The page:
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This is the ultimate bedtime book! Written and illustrated by Caldecott medalist Mordicai Gerstein, it gives kids a whole new perspective on the world during nighttime. As the little boy in the book tiptoes through the darkened house to let his cat outside, kids can guess what all of the silhouetted objects are in the illustrations and marvel at how different they look in the dark. Caleb loves that aspect of this book because he can always find something he didn’t notice before.

5. A Sick Day for Amos McGee by Philip C. Stead, Illustrated by Erin E. Stead

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The author and illustrator of this book are a husband and wife team, and Caldecott medal winners. These are probably the best illustrations I have seen in a children’s picture book. They were created with a pencil and woodblocking technique, which gives the characters a unique and endearing look.

Amos is a zookeeper at the city zoo. His life runs like clockwork and he is always there for his animal friends, until one day he doesn’t come to work. The animals are so worried about Amos that they leave the zoo, catch a bus, and visit him at home. Caleb picked this book because he knows what it’s like to be sick and to miss his friends. He loves that the animals visit Amos, which brought up a lot of questions, such as, “How did the elephant fit in the door?” This book teaches children the meaning of true friendship and caring for people who are not feeling so great.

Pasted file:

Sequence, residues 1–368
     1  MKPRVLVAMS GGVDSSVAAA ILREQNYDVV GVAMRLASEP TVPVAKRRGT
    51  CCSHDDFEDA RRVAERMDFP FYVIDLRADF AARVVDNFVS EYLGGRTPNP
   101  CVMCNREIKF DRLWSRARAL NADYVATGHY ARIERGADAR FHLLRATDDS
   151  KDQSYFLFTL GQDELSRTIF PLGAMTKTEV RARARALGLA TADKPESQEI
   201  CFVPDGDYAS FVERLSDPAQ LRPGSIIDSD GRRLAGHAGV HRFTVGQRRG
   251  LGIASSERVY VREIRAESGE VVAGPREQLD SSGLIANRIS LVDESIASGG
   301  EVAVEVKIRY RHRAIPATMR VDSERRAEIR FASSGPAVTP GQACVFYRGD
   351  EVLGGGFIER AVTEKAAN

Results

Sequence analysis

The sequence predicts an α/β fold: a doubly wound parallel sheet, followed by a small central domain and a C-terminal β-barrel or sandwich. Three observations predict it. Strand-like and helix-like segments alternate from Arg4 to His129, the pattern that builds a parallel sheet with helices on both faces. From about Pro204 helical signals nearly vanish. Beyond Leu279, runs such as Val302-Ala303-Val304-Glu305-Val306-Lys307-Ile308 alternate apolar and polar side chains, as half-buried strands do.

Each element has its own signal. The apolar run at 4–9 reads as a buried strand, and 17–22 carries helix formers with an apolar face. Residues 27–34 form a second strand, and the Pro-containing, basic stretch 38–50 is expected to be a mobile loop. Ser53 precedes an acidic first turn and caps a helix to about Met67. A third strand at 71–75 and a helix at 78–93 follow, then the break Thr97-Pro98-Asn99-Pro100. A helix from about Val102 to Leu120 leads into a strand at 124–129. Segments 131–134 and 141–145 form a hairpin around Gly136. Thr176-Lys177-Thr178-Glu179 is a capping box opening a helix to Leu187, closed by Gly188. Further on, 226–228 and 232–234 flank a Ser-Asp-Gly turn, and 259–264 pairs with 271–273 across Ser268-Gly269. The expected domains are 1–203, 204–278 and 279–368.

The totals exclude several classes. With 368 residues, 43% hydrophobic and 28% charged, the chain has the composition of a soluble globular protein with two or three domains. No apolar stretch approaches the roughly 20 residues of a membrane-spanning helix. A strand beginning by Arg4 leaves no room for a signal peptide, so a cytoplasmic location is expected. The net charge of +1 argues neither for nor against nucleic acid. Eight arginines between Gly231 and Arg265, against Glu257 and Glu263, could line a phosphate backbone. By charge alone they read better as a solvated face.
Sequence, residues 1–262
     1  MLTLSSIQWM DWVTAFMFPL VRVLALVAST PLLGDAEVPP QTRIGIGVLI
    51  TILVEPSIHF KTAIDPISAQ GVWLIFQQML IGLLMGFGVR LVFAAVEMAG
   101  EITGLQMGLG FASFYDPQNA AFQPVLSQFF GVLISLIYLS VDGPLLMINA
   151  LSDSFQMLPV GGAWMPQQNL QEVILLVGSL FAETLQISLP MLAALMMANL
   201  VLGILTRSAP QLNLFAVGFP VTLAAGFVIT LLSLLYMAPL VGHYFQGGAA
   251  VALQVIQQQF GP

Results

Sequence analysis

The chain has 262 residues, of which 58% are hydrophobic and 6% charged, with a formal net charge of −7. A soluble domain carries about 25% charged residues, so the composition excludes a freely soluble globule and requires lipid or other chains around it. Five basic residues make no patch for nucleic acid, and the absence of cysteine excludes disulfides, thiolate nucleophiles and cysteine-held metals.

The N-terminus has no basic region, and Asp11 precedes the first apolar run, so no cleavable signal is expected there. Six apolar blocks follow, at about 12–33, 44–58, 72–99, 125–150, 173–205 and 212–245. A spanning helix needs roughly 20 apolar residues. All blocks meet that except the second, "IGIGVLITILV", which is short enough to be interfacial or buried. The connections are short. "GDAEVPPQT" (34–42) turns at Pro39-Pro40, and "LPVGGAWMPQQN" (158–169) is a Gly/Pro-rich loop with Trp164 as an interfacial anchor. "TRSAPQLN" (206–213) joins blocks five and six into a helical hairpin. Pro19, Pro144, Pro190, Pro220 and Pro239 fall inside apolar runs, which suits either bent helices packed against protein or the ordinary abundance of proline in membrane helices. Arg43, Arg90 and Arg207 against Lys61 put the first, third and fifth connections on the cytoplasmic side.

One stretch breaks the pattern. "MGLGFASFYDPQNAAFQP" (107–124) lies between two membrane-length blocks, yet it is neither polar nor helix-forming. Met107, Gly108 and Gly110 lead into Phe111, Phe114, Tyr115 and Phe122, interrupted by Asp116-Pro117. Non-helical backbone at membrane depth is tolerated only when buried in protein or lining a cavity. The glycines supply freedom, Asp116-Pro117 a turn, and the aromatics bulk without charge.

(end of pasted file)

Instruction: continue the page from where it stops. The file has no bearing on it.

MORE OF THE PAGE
6. The Night Gardener by Terry and Eric Fan

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The illustrations in this book are amazing and the main reason my son chose it. It also has a subtle message for readers. The authors and illustrators are brothers and very talented artists.

The story begins on the copyright page, with a colorless drawing of the town, possibly during or shortly after the Great Depression. The people are shown walking hunched over and no one is smiling, not even the children. Enter the night gardener and his amazing animal topiaries. As his works of art start to positively affect the community, the colors in the illustrations gradually increase. I love this story in that it leaves much that you can interpret yourself, like who the gardener is and his purpose. Our opinion is that he is sent to towns that have been through some hard times and have lost their sense of community. Through his beautiful creations, he brings happiness back into the towns.

7. Goodnight Moon by Margaret Wise Brown, Illustrated by Clement Hurd

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I am not capable of making a list of read-aloud books without including this timeless classic!  I must have read this to Caleb hundreds of times in the first few years of his life. I could probably recite it from memory if I tried. Adults and children have been ending their long days with this book for over 70 years now. Caleb chose this book because I started reading it to him from Day 1 of his life and it became a bedtime tradition.

For those who are not familiar with this book, it is basically about a little bunny saying “Goodnight” to the objects in his room, and of course, the moon outside his window.

8. Lionheart by Richard Collingridge